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Stupid Wine Name of the Century

By night I write here about wine. By day I spend my time in the world of branding, customer experience, and marketing. As a result, I have a higher tolerance for, and a keen understanding of the value that brands hold in the marketplace, and an appreciation for efforts to differentiate in a crowded field.

All of this by way of saying that I can appreciate the idea of coming up with a distinctive name to use when referring to sparkling wine made in England. The Spanish have Cava, the Italians have Franciacorta and Spumante, after all.

But "Britagne?" You've got to be joking.

Pronounced "bri-TAN-yay" or something close to that, I suppose it is supposed to convey the elegance of Champagne while remaining decidedly, well, British.

Never mind that most everyone will try to pronounce it "brit-AYNE" given the immediate analog to Champagne. Never mind that the rest of the English speaking world does fine with referring to their wines as Sparkling Wines without much of a problem. Never mind that by using a neologism that basically has a French etymology you're undermining your efforts to try to create something distinctly English.

Even ignoring all of that, it's just lame.

Comments (14)

Tyler wrote:
07.13.11 at 5:36 AM

I kind of like how one of the commenter suggested "seraphim" as a name for the wine; it's a little unique, implies quality and lightness, and is pronounced like it's spelled... "let's celebrate with some seraphim" sounds much better than "let's celebrate with some brittany," (if the speaker knows the proper pronunciation) or "let's celebrate with some britagne" (assuming they don't).

CJ and PK wrote:
07.13.11 at 8:18 AM

Of course, British sparkling wine has received much more coverage by coming up with a lame name than it ever would have by thinking of a good one...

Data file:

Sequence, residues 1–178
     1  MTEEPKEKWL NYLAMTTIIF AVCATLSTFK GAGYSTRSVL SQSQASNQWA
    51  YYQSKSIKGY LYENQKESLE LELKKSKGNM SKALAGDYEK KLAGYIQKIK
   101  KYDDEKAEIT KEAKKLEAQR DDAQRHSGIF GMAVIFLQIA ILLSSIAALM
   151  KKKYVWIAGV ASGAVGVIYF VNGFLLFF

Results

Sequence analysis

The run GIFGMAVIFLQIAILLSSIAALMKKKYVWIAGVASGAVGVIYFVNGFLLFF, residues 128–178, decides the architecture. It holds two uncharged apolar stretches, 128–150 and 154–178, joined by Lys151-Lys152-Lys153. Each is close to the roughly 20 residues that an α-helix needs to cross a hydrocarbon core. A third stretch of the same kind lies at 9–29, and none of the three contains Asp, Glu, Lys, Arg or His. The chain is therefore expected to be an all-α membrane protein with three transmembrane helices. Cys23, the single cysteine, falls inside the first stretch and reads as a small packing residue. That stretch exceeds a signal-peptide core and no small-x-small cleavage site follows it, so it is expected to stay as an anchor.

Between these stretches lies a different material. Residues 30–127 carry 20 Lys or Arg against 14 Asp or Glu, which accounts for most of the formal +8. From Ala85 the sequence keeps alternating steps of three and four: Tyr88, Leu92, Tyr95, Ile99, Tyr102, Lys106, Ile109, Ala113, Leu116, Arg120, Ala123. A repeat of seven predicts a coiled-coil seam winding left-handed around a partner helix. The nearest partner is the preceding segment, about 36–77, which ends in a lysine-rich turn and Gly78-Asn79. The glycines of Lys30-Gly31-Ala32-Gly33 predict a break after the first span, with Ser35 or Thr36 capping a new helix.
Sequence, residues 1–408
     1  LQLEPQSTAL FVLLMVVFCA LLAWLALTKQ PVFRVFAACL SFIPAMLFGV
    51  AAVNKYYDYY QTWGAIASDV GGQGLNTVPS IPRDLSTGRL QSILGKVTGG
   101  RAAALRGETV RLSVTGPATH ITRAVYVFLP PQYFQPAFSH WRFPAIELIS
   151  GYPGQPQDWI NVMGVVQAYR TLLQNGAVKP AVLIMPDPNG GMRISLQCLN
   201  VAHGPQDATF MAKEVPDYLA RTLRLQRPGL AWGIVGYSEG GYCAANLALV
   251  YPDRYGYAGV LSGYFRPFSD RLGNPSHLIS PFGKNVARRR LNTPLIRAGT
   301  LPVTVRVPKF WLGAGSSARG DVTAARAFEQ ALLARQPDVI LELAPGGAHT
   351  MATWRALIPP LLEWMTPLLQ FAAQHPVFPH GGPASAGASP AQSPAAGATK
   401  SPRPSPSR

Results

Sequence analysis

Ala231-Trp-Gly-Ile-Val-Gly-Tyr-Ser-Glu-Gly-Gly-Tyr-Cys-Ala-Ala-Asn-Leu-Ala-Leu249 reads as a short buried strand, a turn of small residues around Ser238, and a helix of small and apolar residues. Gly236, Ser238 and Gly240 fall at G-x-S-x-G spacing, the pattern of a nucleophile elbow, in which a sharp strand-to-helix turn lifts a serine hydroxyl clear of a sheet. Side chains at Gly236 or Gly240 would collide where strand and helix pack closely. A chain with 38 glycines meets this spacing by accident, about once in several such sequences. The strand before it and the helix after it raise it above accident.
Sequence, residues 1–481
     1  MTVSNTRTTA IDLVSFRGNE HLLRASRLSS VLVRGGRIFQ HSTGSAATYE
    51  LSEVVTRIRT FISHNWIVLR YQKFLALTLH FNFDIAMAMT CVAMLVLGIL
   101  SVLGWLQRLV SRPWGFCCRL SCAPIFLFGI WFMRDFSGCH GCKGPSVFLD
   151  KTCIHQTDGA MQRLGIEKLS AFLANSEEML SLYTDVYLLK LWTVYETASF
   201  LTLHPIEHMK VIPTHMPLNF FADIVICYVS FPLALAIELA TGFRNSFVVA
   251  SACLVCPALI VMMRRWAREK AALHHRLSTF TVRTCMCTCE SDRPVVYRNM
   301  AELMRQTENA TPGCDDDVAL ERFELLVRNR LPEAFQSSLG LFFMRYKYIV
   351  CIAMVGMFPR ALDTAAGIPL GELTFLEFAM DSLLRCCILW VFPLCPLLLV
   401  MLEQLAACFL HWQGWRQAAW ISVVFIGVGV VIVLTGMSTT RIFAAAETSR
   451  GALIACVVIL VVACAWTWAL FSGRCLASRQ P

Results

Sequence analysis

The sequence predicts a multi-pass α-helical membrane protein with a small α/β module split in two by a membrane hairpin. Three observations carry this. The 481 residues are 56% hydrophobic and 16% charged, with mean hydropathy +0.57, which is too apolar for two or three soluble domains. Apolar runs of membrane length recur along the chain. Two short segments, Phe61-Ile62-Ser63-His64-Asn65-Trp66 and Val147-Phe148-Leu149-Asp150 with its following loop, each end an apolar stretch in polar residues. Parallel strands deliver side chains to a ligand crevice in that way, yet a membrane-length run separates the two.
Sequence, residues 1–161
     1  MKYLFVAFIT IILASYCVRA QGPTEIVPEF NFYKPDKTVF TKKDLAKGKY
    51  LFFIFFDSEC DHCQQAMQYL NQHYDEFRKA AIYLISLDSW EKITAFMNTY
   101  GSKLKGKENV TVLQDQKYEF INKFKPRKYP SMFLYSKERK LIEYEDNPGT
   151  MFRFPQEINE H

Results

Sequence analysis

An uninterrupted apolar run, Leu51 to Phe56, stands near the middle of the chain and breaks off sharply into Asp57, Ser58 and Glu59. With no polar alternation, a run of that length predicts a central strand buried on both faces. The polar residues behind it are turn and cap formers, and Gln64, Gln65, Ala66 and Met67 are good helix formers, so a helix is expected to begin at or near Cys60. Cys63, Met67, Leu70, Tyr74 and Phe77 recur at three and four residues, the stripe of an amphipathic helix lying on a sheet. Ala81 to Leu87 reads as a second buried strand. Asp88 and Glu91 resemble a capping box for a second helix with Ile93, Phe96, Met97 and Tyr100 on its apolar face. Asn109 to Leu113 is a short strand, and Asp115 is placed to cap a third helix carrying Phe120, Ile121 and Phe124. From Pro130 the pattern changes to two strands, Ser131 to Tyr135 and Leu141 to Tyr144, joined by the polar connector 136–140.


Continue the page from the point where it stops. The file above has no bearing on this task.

07.13.11 at 11:27 AM

Ha! I was thinking the same thing. I do think it's a great name to discourage sales.

I think the Cougar Juice name is still available.

tom barras wrote:
07.13.11 at 3:49 PM

Kinda reminds me of the CA producers who came up with "Meritage" that everyone pronounces "Meri-tahj."

Has ANYBODY every gone into a wine store and asked for a "Meritage?"

Same likelihood for Britagne.

Izzy wrote:
07.13.11 at 7:12 PM

I hope they didn't pay a fortune to some branding "specialist" for this. On second thought, perhaps they deserve to!

cassius wrote:
07.13.11 at 9:16 PM

It's still not as bad as Australia's new name for muscadelle, topaque.

Mark wrote:
07.14.11 at 3:53 PM

I think part of the problem is that quite a few wineries have gotten a ton of press and sales from naming alone. If you can't beat them, join them.

07.19.11 at 5:37 AM

I used to represent a well known Oregon winery that came up with a very nondescript name for their new red blend. They said since I didn't like their name what would I call the blend---I said OREGASM; at least it conveys a powerful experience!!!

Miquel wrote:
07.27.11 at 2:22 PM

While I'm completely up to be proven wrong, is there even a British Sparkling Wine that's worthy of the time to create a name for them?

I do wonder why in English we opted to use mostly French names for wines when ones such as Grenache are actually from Catalonia/Spain and called Garnacha. Why didn't we just create a new, English-y name?

Carl wrote:
08.07.11 at 10:21 AM

How about the best name for a wine? I've got some friends in SF that are bottling a zin blend called Sexual Chocolate. How cool is that???

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